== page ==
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‘We’re moving along’: Nearly 15,000 Carroll County residents have received COVID-19 vaccine

Some 15,000 Carroll countians have received at least one dose of the COVID-19 vaccine, including some three-quarters of those in long-term care facilities, more than one-third of school system employees and basically any first responder who wanted it, Health Officer Ed Singer told the Board of County Commissioners on Thursday.

While the commissioners and Singer agreed that amount of vaccine Carroll is receiving from the state is not nearly enough to accommodate all who want to be vaccinated, they noted progress is being made.

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“We’re getting there,” Singer told the commissioners during their weekly open session. “We aren’t as far along as we’d like to be, but at least we’re moving along.”

While the state has moved onto group 1C in its vaccine distribution plan, Carroll County remains in 1B, which includes those 75 and older as well as education employees. Singer very few requests for a first dose are coming from anyone in 1A, which includes health care workers and first responders. He estimated that 70-80% of those in 1A have received the vaccine and most of the remainder declined it.

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Singer presented Carroll County Health Department data showing that the vaccine had been administered to 14,418 countians with 500 more scheduled to be vaccinated Thursday. Of those, more than 6,000 doses had been administered by the health department, some 2,500 by Carroll Hospital and the rest either by pharmacies servicing elder care facilities in Carroll or by facilities or workplaces outside of the county that had vaccinated Carroll residents.

Data shows that COVID-19 cases have been declining in Carroll County, but Singer said the path back to normalcy is getting most people vaccinated.

Health department numbers showed that 2,238 out of 7,086 in the “education and continuity of government” section of 1B have been vaccinated, including 225 on Wednesday. Those qualifying now include staff members from McDaniel and Carroll Community colleges as higher education was moved into 1B. Singer noted that all workers for Carroll County Public Schools, from teachers to instructional assistants to bus drivers to food service workers qualify.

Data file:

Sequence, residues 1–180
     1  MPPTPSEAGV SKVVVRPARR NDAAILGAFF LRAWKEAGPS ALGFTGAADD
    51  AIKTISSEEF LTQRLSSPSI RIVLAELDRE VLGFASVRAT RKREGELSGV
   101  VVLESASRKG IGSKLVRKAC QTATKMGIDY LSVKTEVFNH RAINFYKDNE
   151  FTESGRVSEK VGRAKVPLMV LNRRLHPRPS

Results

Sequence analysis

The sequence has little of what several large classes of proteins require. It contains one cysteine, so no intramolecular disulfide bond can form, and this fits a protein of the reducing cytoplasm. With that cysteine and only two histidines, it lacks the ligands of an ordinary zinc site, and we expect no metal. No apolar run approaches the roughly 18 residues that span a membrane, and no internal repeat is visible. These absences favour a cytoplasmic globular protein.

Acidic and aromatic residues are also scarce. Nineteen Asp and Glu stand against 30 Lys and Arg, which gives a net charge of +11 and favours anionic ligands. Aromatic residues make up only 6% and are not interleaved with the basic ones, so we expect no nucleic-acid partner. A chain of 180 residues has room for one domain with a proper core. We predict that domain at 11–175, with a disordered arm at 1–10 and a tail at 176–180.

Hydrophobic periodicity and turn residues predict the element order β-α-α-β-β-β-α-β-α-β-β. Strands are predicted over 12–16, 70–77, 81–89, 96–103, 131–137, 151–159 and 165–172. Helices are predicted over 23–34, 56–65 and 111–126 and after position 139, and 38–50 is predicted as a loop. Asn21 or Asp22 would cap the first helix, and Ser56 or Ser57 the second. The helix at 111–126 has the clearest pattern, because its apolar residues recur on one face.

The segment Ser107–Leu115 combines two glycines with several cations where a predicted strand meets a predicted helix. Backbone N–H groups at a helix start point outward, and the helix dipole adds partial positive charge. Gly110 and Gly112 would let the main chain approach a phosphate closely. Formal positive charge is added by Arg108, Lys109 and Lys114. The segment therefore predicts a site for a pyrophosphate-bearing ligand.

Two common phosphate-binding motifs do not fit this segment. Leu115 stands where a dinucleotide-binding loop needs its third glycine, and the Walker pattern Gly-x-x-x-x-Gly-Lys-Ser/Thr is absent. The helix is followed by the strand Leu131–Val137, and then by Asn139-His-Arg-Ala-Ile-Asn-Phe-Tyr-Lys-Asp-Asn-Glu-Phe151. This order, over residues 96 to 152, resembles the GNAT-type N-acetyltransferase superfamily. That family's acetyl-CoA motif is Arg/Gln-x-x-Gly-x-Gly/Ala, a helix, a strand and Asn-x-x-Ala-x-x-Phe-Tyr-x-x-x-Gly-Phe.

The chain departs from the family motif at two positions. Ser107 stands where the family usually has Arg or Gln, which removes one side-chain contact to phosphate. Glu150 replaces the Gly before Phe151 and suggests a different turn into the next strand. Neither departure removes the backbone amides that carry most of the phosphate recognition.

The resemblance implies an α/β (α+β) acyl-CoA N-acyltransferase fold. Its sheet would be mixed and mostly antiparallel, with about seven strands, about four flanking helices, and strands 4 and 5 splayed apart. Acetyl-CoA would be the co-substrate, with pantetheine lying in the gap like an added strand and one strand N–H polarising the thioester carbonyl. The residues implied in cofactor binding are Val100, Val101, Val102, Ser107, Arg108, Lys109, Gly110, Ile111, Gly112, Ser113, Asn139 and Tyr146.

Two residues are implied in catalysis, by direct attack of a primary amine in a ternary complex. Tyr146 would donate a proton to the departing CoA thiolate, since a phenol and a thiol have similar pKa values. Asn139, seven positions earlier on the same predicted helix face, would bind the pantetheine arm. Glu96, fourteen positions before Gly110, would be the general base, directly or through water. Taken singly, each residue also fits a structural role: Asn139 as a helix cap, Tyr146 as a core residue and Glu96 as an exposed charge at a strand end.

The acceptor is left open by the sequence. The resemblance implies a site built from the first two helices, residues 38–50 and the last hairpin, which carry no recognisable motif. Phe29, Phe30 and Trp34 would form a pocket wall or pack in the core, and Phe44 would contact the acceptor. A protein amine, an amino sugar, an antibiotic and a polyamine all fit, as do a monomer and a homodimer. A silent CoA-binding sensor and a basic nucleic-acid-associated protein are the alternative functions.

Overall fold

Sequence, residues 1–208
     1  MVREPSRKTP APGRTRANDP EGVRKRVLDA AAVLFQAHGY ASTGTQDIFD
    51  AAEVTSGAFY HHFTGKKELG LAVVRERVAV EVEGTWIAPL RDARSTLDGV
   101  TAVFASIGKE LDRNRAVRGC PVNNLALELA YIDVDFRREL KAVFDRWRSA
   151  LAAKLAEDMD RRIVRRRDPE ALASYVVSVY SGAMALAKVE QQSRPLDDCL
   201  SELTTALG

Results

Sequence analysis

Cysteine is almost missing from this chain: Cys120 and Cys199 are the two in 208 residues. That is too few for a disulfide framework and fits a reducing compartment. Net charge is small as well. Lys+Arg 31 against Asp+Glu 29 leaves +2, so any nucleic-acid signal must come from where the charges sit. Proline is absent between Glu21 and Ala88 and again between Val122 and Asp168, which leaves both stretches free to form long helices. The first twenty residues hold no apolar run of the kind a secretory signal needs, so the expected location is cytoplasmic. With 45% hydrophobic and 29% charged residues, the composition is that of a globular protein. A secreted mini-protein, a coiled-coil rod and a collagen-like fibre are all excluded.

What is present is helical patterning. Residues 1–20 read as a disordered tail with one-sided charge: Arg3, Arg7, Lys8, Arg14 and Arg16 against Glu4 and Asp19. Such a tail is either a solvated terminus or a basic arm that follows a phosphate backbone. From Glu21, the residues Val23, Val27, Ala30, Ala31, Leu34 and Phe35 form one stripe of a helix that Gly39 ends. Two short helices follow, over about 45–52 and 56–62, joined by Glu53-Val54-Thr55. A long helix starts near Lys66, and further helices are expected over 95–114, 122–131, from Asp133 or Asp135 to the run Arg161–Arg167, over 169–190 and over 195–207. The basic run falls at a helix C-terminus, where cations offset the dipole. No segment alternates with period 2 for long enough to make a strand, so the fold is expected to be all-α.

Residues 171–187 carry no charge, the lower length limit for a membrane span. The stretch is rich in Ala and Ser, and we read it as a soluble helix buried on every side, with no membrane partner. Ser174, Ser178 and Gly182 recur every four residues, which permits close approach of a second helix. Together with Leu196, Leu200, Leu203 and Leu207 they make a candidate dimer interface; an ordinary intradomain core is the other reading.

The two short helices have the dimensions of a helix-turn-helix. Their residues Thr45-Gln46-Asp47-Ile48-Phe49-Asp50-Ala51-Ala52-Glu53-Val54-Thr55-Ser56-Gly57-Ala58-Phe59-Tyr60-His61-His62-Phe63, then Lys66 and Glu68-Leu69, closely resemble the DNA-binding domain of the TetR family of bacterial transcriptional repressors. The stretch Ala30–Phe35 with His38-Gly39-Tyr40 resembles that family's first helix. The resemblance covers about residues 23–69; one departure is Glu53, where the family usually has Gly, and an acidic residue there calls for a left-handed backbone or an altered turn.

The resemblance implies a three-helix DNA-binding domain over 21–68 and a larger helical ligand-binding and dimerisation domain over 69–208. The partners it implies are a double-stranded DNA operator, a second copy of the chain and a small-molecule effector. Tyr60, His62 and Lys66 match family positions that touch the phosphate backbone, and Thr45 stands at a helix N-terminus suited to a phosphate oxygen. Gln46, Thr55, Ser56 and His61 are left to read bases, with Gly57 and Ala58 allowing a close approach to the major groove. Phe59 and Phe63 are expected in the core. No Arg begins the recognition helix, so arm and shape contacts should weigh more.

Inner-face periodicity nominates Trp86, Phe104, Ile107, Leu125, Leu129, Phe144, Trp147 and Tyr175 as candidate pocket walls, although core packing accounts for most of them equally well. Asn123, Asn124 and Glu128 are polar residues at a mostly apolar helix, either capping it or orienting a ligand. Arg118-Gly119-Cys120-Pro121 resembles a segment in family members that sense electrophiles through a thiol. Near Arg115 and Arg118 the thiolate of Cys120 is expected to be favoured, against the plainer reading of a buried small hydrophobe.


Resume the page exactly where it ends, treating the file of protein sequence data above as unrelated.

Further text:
Additionally, health department numbers show 2,610 out of an estimated 11,348 in Carroll who are 75 or over have been vaccinated, not including the 500 scheduled for Thursday. Singer said “roughly 75 percent” of those living in long-term care facilities have been vaccinated.

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“We’re giving a percentage of doses to the education sector, but we’re really trying to concentrate on the 75-plus group,” he said.

Vaccination clinics are no longer limited to Westminster as officials said it was important to make it easier for the older populations of all geographic segments of Carroll to be able to access the vaccine. Thursday’s clinic was held at South Carroll Senior Center. Next week, one is scheduled for Taneytown. After that, plans are to hold clinics in Mount Airy and then in the North Carroll area.

“It’s a heavy lift right now as public works folks are dealing with snow removal,” Singer said. “We think it’s important to reach each part of the county.”

Singer said next week will be the busiest to date for the health department in terms of vaccinations. The plan is to administer 1,300 first doses to those 75 and older and to educators, and also to administer 1,500 second (final) doses. He reiterated that his department would have no problem administering 5,000 doses a week if that was how much vaccine the state was providing.

When demand begins to dwindle among the members of 1B, Singer said, that’s how they will know it’s time to move to the next group. As he has done in the past, Singer said pharmacies will be a tremendous resource for getting the vaccine out to the general public at some point in the future, as is the case with flu vaccinations, but he added that “right now, we have the ability to reach the right people.”

Commissioner Stephen Wantz, R-District 1, asked Singer if Carroll countians could be vaccinated at mass clinics run by the state, the first of which is opening Friday. Singer said they could and that the health department is posting links about other such clinics on its website.

Commissioner Richard Weaver, R-District 2, asked Singer if he thought we were looking at a minimum of another five months to get most Carroll residents vaccinated.

“It depends on how quickly some of these other vaccines become available,” Singer said. “It is going to be several months at least.”

Singer said anyone who falls into a group that already qualifies for the vaccine or is in a group that will soon qualify who hasn’t already registered to sign up through the health department website or call the COVID-19 hotline at 410-876-4848.

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